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Articles Tagged Corey Koskie 

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April 5, 2007 12:00 am

Transaction of the Day: Roster Review of the Centrals

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Christina Kahrl

Christina continues her analysis of the Opening Day 25-man rosters, and the decisions that led to their composition, by running down the Central Division teams.

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Today Christina wraps up the offseason transactions by focusing on the National League.

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A number of Yankees have been bowing out of the World Baseball Classic. Also, the Brewers acquire a member of Team Canada.

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Arguably the busiest team in the winter of '05-'06, what do the Jays have after all their moves?

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Checking back in with a team covered earlier in the season proves illuminating for Jonah Keri in this week's Game of the Week.

When we last left the Indians seven weeks ago, for instance, the team looked like a fringe playoff contender, buoyed by a solid core of offensive talent, above-average starting pitching, and players such as Aaron Boone and Casey Blake who by dint of sheer regression to the mean figured to add to the team's second-half success. Yet that day's column focused more on the demise of Randy Johnson as a top-flight pitcher than on a possible Cleveland playoff run.

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This 8-6 loss to the Blue Jays may end up as the turning point in the Yankees' season.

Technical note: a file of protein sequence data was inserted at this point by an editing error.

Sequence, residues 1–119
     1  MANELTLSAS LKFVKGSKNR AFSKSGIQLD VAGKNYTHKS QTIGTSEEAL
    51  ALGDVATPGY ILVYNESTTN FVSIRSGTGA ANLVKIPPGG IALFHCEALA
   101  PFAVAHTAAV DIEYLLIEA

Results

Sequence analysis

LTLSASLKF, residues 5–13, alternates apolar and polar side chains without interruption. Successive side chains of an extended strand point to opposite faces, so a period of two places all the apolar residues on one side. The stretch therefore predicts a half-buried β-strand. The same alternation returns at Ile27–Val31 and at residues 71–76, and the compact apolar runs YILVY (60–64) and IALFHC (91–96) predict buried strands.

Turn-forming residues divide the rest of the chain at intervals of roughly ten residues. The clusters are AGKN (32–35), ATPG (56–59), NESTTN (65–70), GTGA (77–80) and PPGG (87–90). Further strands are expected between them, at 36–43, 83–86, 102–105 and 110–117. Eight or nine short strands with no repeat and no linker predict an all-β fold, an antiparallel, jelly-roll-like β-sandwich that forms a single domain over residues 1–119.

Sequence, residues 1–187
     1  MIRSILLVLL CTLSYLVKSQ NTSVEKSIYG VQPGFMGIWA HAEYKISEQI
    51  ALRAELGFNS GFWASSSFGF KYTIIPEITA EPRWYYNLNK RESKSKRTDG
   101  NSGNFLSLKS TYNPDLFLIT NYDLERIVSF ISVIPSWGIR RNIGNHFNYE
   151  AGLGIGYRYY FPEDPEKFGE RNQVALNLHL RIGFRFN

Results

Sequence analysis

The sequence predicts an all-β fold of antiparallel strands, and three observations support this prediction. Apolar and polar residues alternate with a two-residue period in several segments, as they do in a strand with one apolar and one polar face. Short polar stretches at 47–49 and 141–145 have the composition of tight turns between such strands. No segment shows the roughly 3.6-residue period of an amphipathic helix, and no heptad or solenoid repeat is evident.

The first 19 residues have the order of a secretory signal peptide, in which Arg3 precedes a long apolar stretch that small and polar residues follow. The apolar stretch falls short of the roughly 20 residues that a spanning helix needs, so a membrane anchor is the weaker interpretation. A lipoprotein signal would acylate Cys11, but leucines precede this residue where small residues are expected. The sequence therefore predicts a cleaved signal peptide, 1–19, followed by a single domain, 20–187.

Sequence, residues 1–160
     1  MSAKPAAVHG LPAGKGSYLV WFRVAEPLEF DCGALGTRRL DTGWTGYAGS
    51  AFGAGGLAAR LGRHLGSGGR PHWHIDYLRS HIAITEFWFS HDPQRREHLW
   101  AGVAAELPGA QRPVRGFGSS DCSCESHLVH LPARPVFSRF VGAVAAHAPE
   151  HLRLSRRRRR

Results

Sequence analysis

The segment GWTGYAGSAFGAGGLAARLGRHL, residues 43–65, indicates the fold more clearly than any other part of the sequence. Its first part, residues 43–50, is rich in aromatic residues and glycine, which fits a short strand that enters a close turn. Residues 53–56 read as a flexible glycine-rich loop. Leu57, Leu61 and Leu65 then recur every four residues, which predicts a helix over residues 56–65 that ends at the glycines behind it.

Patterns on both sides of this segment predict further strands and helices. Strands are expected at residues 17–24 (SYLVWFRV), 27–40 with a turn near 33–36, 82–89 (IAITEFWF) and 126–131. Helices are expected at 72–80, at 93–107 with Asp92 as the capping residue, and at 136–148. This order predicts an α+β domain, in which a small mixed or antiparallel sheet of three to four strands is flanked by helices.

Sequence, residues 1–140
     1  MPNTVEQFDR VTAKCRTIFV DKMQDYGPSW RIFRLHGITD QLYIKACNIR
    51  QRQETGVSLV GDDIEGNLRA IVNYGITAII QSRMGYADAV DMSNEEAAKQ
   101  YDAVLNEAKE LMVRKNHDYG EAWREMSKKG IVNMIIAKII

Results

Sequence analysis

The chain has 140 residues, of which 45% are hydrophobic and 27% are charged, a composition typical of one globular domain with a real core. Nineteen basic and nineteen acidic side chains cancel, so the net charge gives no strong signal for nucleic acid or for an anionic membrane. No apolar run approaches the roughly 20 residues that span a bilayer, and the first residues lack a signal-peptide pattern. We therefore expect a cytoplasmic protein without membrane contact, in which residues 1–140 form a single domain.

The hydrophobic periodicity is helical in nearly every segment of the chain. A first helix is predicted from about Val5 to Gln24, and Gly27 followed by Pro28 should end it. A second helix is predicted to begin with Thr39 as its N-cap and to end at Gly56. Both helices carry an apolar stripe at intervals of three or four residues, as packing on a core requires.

The Yankees plan to promote Robinson Cano from Triple-A Columbus on Tuesday. They'll then move Cano into the starting role at second base. Left fielder Hideki Matsui will shift to center field. Bernie Williams gets bumped from center to the bench, plus occasional DH duty. The new left fielder? Tony Womack.

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All three teams are being re-shaped by the free-agent market.

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I was at Safeco Field on Tuesday, watching a fast-moving game that was on pace to wrap up 3-2 Mariners in about two and a half hours, and ended up with one of the longest, craziest games I've ever attended. I scored this game. I've been working on an article about scoring and finding a good card to match your style, and thought I'd finally settled on one. This game, of course, became the torture-test for a scorecard:

The last great extra-innings game I'd been to was Blue Jays at Mets, at Shea, June 9th, 1999, a 14-inning marathon I enjoyed a lot. That one took four hours, 35 minutes. I blame Bobby Valentine, who failed to pinch-hit for Rey Ordonez over and over when it could have won him the game. It was a great time, though. I got to see the game with Melissa Hughes, who wrote some good baseball articles for a while (including some good and scary ones on baseball groupies and the Web sites of the adoring fan) and then quit writing about baseball.

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August 6, 2003 12:00 am

Transaction Analysis: August 1-4

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Christina Kahrl